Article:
A delayed coker combination tower is similar in design and function to an ordinary crude distillation tower; heat is removed and products are fractionated. Referring to Figure 3-1, four products are made: wet gas, unstabilized naphtha or wild gasoline, furnace oil, and heavy gas oil.
The most common problem encountered in the combination tower is tray damage. On start-up or during short unit outages, pockets of water can form. When this water contacts hot oil, it flashes, and the resulting pressure surge will upend trays. Corrosion damage to the furnace oil drawoff trays is also a possibility. The diagnosis of these problems as well as other fractionation difficulties is identical to those found on crude fractionators.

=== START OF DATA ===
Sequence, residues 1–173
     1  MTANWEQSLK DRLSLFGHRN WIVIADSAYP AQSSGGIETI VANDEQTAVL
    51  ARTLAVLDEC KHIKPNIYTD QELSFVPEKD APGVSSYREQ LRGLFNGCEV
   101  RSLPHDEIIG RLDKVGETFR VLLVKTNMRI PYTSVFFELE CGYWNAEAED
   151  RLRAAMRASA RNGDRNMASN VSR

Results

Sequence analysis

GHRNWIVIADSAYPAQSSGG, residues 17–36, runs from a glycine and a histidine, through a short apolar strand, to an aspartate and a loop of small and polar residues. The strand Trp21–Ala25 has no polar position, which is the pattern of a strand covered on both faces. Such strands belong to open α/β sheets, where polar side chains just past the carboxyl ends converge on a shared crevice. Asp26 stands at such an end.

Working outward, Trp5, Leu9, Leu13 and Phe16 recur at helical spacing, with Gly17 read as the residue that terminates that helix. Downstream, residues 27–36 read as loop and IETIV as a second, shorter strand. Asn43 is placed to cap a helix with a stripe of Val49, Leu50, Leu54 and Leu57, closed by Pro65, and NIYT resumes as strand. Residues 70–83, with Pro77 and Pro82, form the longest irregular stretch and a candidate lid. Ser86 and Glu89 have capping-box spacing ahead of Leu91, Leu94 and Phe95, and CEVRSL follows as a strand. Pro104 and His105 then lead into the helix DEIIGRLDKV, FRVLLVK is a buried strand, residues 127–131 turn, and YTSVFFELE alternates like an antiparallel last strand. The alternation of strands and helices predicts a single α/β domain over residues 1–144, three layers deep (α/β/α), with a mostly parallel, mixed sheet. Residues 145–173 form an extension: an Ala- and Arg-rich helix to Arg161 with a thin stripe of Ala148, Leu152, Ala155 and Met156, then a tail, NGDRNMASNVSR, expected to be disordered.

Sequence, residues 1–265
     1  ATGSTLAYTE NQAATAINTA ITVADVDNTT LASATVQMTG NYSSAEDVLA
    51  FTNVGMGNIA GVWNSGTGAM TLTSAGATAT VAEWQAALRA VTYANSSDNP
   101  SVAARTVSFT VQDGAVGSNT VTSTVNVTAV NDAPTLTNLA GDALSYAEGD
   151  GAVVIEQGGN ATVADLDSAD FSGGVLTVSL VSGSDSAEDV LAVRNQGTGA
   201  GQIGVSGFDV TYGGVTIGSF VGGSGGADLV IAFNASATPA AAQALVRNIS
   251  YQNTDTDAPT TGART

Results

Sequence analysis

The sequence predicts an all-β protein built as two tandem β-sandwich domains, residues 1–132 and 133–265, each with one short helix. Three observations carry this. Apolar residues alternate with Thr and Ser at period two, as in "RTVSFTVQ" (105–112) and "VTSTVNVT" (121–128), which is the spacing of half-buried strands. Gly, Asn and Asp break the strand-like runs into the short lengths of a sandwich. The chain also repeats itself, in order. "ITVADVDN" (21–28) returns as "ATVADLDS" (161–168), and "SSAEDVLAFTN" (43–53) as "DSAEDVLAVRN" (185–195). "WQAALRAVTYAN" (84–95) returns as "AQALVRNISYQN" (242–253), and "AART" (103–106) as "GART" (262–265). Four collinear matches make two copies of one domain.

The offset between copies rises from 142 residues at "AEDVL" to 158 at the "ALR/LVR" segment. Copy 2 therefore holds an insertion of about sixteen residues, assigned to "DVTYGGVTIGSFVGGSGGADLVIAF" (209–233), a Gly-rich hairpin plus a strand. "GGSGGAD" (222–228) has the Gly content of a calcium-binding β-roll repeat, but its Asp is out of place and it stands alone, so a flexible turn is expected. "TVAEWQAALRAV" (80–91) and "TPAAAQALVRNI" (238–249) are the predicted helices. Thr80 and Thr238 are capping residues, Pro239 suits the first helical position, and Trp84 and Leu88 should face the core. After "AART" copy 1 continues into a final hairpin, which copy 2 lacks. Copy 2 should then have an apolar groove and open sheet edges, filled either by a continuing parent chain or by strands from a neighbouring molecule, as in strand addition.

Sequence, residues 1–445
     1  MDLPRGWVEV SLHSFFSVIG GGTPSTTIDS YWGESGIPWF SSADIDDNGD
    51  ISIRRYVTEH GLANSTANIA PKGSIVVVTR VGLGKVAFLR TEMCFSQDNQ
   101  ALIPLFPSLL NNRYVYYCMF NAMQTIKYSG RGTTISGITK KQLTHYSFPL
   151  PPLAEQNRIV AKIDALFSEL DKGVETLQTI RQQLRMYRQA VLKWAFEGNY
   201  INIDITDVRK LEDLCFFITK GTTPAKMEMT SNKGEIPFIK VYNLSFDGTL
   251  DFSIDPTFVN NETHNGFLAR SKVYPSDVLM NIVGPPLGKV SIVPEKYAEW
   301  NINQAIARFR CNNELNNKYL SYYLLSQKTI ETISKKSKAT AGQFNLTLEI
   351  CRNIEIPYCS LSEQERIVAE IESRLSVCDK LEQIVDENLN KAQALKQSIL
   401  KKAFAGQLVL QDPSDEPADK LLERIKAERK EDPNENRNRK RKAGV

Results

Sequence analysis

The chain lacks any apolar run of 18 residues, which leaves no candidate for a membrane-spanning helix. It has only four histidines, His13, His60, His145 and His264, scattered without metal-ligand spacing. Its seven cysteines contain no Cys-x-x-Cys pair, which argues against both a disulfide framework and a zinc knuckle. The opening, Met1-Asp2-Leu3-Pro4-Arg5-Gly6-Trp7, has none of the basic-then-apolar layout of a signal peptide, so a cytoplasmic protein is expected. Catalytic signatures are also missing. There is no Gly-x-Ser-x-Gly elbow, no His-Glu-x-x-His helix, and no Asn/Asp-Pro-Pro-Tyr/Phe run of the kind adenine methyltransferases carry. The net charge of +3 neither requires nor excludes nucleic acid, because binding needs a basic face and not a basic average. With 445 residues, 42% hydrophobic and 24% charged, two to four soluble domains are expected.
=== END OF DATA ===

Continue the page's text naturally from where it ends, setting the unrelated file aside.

On one coker, the combination tower trays were repeatedly upset due to water accumulating in the tower during short unit outages. After considerable investigation, the source of this water was found. Purge steam was being used under vessel relief valves to prevent the relief valve inlet lines from coking up. While the unit was out of service for several hours, it would cool off. The steam condensed and formed potentially explosive pockets of water.
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